Isn’t Venus a sleeping planet? Researchers discover “dozens of volcanic hotspots”
Scientists have identified as many as 37 volcanic structures on the planet Venus, which have been active recently. That would mean that Venus does not sleep as deeply as thought initially. Researchers write this in the journal Nature Geoscience.
Venus, seen from the sun, is the second planet of our solar system and, thus, together with Mars, a neighboring planet of Earth. Another quality of Venus: there are many similarities with Earth.
Venus is about the same size, mass, and composition as our planet. But Venus was thought to be (geologically) inactive. Recent research contradicts this assumption. “Dozens of volcanic hotspots were discovered,” lead author Anna Gülcher writes on Twitter.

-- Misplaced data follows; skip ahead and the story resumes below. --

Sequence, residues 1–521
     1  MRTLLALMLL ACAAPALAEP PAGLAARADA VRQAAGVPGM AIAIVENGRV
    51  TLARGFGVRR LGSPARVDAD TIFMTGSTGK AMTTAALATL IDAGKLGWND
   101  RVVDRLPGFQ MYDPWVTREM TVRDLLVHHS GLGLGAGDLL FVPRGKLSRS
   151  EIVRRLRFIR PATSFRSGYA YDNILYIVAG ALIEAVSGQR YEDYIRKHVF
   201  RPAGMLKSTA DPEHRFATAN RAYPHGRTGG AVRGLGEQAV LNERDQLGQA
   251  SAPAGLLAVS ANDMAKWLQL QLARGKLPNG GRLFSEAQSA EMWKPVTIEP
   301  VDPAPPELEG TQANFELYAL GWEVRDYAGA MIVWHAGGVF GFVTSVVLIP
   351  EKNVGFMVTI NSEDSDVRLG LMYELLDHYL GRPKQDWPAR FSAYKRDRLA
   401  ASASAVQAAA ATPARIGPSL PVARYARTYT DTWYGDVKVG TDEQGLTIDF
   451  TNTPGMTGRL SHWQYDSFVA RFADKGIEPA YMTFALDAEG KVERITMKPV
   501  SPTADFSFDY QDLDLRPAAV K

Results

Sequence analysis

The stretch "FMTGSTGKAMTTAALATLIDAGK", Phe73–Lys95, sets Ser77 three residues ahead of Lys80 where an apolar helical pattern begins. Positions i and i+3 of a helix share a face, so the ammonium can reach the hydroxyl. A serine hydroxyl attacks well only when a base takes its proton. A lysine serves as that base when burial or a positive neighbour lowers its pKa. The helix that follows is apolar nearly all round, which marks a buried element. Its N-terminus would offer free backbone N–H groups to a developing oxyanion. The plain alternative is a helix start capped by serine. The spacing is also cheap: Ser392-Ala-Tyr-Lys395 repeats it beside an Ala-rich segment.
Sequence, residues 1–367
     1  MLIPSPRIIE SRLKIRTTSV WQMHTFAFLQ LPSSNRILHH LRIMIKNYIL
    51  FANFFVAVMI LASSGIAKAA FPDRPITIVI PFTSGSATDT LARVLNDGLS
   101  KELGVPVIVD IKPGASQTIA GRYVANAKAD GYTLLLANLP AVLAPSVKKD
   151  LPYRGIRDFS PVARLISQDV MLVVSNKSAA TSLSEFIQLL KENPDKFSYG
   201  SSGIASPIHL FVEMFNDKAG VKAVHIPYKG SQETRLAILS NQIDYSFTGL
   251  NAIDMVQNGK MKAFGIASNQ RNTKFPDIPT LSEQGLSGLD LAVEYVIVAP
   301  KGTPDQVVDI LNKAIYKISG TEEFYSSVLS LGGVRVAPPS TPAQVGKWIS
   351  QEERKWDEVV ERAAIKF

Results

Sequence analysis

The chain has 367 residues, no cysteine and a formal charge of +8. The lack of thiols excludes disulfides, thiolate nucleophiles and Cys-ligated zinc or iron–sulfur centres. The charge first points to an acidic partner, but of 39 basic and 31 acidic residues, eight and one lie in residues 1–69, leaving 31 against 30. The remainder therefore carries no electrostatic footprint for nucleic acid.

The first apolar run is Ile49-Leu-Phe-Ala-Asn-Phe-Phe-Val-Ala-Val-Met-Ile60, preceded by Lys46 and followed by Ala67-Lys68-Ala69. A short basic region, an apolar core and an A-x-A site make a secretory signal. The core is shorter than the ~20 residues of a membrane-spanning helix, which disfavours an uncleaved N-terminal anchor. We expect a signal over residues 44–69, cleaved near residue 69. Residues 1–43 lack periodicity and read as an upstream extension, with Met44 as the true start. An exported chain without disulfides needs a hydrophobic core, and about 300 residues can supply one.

For example, researchers studied the so-called coronae, ring-shaped structures that arise because warm material swells from under the surface. Those annular structures would have provided sufficient evidence that the volcanoes on Venus are still active.
A total of 133 coronae were examined, of which 37 were found to be active in the last 2 to 3 million years. “Venus is not as dead as we thought,” concludes Anna Gülcher.